2- There is no way to organize data in a flexible way and everyone will be forced to the same schema,

Another assumption that the existing PLM system instance will be used by multiple companies. But in this case, the problem is related to the data model and data semantics. The flexibility of PLM platforms is one of the key characteristics. But if you apply it in the system designed for one company, you most probably end up with the same model for everybody. Which is sub-optimal.

Multi-tenant platforms, take an approach to have flexible data modeling but do it granular, so it can be applied for multiple tenants and provide different models. It is one of the most foundational levels – how each company will work in isolation, but at the same time will be able to share assets. Such mechanisms don’t exist in existing PLM platforms.

3- There is no way to configure and customize the system (or environment) for each user and/or customer.

Last, but not least. A misconception that an entire system will be customized and configured in the same way and there is no way to customize and configure it for each company. Again, this is the outcome of a “single system/database” thinking. In fact, customization levels should rely on the tenant model and be flexible enough to change and to apply individually and globally to tenants.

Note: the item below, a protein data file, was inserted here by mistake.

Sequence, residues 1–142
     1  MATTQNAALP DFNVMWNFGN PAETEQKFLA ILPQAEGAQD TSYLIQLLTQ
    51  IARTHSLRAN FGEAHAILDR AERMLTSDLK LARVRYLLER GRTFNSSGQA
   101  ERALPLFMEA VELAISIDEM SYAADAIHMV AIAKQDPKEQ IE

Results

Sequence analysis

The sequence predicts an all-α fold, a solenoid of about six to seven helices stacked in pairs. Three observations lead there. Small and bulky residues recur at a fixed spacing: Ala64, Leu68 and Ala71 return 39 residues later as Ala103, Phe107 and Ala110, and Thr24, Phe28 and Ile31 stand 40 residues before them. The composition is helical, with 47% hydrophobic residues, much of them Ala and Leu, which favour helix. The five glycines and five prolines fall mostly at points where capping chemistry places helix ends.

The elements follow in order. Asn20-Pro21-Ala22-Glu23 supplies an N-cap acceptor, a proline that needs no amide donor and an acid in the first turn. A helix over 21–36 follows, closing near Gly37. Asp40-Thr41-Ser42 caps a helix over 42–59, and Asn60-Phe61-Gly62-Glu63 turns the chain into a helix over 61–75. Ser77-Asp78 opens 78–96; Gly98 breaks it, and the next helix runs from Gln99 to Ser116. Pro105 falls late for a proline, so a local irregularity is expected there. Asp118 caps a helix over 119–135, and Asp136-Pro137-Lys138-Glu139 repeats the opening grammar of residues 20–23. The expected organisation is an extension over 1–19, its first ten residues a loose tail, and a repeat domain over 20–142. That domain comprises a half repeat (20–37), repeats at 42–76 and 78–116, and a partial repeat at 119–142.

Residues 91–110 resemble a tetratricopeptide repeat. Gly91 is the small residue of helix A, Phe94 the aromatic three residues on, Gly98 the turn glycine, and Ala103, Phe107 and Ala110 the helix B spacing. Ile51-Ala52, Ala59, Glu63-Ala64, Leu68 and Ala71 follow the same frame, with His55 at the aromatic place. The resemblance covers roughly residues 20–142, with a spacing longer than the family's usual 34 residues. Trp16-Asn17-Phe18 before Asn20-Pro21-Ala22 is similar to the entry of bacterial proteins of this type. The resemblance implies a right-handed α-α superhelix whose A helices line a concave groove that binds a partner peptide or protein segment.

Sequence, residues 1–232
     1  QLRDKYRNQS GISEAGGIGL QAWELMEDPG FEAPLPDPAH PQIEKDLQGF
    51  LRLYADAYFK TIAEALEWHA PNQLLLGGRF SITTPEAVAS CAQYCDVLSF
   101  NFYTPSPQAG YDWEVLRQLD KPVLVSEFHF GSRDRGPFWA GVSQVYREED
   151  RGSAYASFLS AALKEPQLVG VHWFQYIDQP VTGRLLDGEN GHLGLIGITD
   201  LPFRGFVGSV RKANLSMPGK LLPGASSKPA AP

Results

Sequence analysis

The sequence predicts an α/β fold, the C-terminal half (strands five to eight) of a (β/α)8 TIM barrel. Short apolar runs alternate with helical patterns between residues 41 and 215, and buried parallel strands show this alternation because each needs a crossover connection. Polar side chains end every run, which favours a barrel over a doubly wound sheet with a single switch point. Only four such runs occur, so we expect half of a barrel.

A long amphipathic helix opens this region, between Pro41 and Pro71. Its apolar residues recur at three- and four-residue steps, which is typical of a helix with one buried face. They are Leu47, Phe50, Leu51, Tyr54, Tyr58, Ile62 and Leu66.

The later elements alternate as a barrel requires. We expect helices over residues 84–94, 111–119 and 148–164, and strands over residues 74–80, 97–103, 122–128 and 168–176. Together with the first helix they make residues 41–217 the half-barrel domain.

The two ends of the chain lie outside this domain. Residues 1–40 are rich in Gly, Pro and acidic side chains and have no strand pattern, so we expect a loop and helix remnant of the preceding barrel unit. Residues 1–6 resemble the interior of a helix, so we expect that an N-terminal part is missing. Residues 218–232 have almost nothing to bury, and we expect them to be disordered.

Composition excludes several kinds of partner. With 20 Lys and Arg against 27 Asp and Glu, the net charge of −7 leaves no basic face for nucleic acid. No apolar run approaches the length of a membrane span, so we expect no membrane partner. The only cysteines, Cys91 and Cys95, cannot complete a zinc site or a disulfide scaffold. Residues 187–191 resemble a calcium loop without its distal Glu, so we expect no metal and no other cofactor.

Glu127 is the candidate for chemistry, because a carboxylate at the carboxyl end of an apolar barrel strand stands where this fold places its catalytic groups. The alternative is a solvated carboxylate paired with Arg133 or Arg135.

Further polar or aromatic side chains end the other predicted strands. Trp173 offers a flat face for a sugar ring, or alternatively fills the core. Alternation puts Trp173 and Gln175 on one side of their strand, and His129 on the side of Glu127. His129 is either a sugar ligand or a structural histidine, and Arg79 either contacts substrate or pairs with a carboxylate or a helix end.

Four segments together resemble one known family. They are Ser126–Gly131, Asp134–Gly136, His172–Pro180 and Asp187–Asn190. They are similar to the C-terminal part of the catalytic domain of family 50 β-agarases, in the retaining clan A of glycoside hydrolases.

Polyglot persistence

The idea of multiple programming languages was around for at least 2-3 decades. Here is a new one coming – multiple databases. Cloud (SaaS) opens an opportunity to use the best combination of multiple databases to create an online system. Check my article – what will be PLM stack in 2020where I describe the move from a single database and single programming language to polyglot programming and now to polyglot persistence.

What is my conclusion? Decades of single-level company-oriented PLM systems created a strong association between database and PLM systems. It creates real difficulties to come open-minded to new data modeling approaches. Multi-tenancy is a fundamental architecture shift that is going to happen in PLM development in the 2020s. It will require a rethinking of systems, administration, and implementation. But it is extremely powerful. Combined with polyglot persistence and shared infrastructure it will become a foundation for new PLM business models. Just my thoughts…

Best, Oleg

Disclaimer: I’m co-founder and CEO of OpenBOM developing cloud-based bill of materials and inventory management tool for manufacturing companies, hardware startups, and supply chain. My opinion can be unintentionally biased.

Image by Pierre Blaché from Pixabay

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  • Roland Drewinski

    Oleg, thanks for sharing your insights. For those interested, the paper https://developer.salesforce.com/page/Multi_Tenant_Architecture gives a good overview about Salesforce’ approach to multitenancy. Key ingredient: A relational database engine (Oracle, from the beginning) with a data model optimized for multitenancy using a specific metamodel.

  • beyondplm

    @roland_drewinski:disqus Thanks for the link. Indeed Salesforce.com multi-tenant model is on Oracle database. It was good in 1999-2000. And it was a world without many tools that we have today – databases, infrastructure, etc. So, if you ‘re building SaaS in 2020, Oracle might not be your first choice.